Thursday, August 21, 2008

A Very Interesting Day

I think today was one of the most special days in my life. I warn you, this post has nothing to do with Football, alcohol, drugs, or women. I've kind of hinted at the fact that I work for the Federal Black Lung Program before. Today was the celebration of the 30th year of the program in Charleston. It was a big deal to say the least. Governor Joe Manchin, congresswoman Shelly More Capito, former congressman Ken Heckler, Assistant Secretary of the Department of Labor (can't remember her name), UMWA president Cecil Roberts, and the two remaining doctors that fought so had to get the legislature to enact the Mine Safety Act of 1969 which led to the creation of the Black Lung program years later were all in attendance.

Being the songwriter that I am, I was asked to write a song for the occasion. The initial idea wasn't very hard for me to come up with as my grandfather died from complications due to his Black Lung disease in 1979. My grandmother received his benefits until she passed in 2004. I have to admit this, I always knew how my grandfather died. But I never knew my grandmother received benefits until I returned to work following her funeral to find her claim on my desk to be terminated. This wasn't a cruel trick by any of my fellow workers, I grabbed a pile of claims that needed inputs and there it was. I think it's kind of fitting and I wouldn't want it any other way. So telling the story of my grandfather and grandmother in the song was the easy part. The hard part was trying to tie it all in with the event. Thankfully, when I was told that the two surviving doctors, Donald Rasmussen and Hawey Wells would be there along with former Congressman Ken Heckler who were really the backbone of the movement to have Black Lung considered a debilitating disease. Those two doctors were instrumental in creating a series of tests to determine the presence of the disease. Creating the standards that are still followed to this day. And tied the song together by saying what a blessing it was for my grandmother to have these benefits. After raising 11 children and being in her fifties, it's a little crazy to think that she should have to start a career. The money helped her live a comfortable life, which is to say that she didn't want for food or shelter. The personal highlight for me was being able to thank these three gentlemen personally before I started the song.

Their efforts weren't accepted by the UMWA, the coal companies (obviously), the West Virginia board of physicians, and the government in general. But these men, despite being ostracized by their colleagues and ignored by the media pushed to get the disease recognized. Their efforts were helped, sadly, by the Farmington, WV mine disaster. This incident drew attention from all over the country.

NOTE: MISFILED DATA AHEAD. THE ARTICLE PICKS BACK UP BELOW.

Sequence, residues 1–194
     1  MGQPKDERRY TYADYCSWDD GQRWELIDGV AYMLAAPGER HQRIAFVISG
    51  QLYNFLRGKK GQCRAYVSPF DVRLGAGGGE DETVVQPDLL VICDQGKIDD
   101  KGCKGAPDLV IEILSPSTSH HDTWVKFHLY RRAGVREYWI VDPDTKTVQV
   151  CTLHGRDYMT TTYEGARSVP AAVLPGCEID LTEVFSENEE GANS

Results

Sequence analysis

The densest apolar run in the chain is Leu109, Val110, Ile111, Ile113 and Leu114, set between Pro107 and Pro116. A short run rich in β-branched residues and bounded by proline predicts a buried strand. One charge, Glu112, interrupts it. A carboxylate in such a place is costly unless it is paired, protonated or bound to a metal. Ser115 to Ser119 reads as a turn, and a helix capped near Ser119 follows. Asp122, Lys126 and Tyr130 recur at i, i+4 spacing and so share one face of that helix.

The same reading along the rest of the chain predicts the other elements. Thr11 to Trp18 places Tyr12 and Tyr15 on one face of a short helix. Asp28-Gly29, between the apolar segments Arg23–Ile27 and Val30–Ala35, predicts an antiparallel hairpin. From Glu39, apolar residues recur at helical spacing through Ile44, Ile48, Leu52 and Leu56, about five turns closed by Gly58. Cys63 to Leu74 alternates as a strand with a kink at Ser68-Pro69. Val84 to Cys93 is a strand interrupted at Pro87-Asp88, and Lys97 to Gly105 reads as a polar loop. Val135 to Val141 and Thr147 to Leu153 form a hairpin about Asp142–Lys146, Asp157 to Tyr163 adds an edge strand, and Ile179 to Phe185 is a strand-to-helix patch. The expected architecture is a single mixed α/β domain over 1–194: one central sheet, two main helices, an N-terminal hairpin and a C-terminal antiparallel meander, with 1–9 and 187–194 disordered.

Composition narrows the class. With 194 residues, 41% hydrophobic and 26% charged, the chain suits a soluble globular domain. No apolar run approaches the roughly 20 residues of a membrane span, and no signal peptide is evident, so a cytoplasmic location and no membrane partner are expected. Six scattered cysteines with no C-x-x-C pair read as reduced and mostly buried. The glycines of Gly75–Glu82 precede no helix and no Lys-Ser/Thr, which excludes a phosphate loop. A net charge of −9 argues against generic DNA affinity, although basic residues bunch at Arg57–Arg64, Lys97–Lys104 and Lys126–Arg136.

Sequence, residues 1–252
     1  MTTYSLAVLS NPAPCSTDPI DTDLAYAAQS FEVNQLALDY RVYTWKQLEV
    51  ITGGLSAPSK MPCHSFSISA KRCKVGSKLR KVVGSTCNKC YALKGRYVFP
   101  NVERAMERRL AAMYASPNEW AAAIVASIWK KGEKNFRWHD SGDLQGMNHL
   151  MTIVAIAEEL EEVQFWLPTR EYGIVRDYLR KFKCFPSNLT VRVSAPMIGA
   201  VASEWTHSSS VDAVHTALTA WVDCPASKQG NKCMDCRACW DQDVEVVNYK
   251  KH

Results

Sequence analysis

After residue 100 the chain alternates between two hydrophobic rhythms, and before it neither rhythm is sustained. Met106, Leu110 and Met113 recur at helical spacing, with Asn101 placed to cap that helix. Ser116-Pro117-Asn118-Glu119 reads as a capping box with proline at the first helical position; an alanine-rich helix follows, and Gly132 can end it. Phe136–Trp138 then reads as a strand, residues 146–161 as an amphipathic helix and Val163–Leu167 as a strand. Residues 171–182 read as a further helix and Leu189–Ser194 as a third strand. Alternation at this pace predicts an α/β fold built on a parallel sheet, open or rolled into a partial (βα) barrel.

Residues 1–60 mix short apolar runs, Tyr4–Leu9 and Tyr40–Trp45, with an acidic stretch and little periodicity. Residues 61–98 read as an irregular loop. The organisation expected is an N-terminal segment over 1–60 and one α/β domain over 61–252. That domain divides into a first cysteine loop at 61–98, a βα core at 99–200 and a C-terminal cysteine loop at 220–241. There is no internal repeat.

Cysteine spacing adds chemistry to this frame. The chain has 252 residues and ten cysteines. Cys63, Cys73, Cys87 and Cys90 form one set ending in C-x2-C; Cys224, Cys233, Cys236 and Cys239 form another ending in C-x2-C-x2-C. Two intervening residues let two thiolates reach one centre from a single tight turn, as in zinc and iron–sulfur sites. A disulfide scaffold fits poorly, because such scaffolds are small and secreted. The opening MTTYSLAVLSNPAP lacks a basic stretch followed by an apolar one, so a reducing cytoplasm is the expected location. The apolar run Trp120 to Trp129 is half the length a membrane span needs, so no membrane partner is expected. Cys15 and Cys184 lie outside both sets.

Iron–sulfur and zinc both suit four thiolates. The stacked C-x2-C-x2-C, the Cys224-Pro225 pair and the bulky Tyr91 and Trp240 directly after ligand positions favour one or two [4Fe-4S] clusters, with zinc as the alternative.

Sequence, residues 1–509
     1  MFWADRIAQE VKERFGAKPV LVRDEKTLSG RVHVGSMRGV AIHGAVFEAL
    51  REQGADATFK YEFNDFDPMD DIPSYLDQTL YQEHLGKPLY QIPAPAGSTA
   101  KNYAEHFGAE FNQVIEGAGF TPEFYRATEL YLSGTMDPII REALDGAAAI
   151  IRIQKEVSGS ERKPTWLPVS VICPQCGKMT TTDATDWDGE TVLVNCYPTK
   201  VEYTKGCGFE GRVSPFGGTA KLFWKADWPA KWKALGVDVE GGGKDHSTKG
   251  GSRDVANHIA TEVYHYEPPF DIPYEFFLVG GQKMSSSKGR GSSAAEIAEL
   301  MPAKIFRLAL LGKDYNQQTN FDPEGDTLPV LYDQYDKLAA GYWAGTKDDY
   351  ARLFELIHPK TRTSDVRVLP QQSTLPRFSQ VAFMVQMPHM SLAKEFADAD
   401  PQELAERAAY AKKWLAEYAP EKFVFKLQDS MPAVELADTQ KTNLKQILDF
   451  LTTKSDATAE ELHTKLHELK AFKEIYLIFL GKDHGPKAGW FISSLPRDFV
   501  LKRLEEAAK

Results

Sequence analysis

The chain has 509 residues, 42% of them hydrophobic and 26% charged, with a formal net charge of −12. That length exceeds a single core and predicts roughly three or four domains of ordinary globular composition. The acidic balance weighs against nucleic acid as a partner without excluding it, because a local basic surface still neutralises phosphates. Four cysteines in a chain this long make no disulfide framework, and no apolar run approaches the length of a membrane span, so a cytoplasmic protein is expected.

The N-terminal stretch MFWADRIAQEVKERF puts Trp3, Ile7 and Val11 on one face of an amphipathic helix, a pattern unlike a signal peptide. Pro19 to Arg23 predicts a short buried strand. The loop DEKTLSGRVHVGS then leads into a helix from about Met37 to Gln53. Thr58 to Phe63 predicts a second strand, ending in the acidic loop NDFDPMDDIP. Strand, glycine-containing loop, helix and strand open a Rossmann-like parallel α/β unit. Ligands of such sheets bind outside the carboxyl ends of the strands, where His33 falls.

The legislation was already written and put in front of the US Congress, but many wanted the Black Lung part of the legislation left out because of skepticism about the existence of the disease. But when the miners were trapped underground for over a week, media started talking to other miners and running stories about how large numbers of miners were suffering and the efforts of the doctors. It was a perfect storm and as Cecil Roberts said today the 78 men that died in that mine were heroes. It's very sad, but their death brought comfort and a means to survive to the men and women that followed. I just want you to know that the money these miners and surviving spouses receive isn't a boat load of money. It's fractions of what they brought home when they were working. But the money and the medical benefits they receive is enough to provide the minimum of what they need to survive. And it's the least we can do.

I also want to touch on something I feel a little bad about. I've been more than critical of our Governor about his role in the whole coaching fiasco. But I also want to point out the good he has done in the wake of the Sago incident. It was Joe Manchin that pushed for updates to mine safety and rapid response units following that disaster. He very simply put forth three areas that needed to be addressed: Rapid Response-Coal Companies should immediately contact his office in the event of an emergency so rescue efforts can be coordinated, Communication- Develop a means for trapped miners to communicate their location, situation, etc., and A Means to Sustain Themselves-Oxygen located near the working area so if they do get cut off they would have a means to stay alive until help could arrive. It sounds simple, and it is. But these things were not in place and they were not being worked on to improve until he went to work on them. His straight to the point thinking also was an influence on national mine safety updates. He's a politician and he should be expected to act like one. But he is also a man that was effected by the loss of life in the Farmington disaster. He lost friends and family and he knows first hand the results of what working in the mines can do to a person. For his efforts, I want to thank him and hope he continues to keep an eye on the progress and not let the mines fall back into being less safe ever again.

Oh yeah, if you are reading this, thank a miner. Coal powers your computer.

No comments: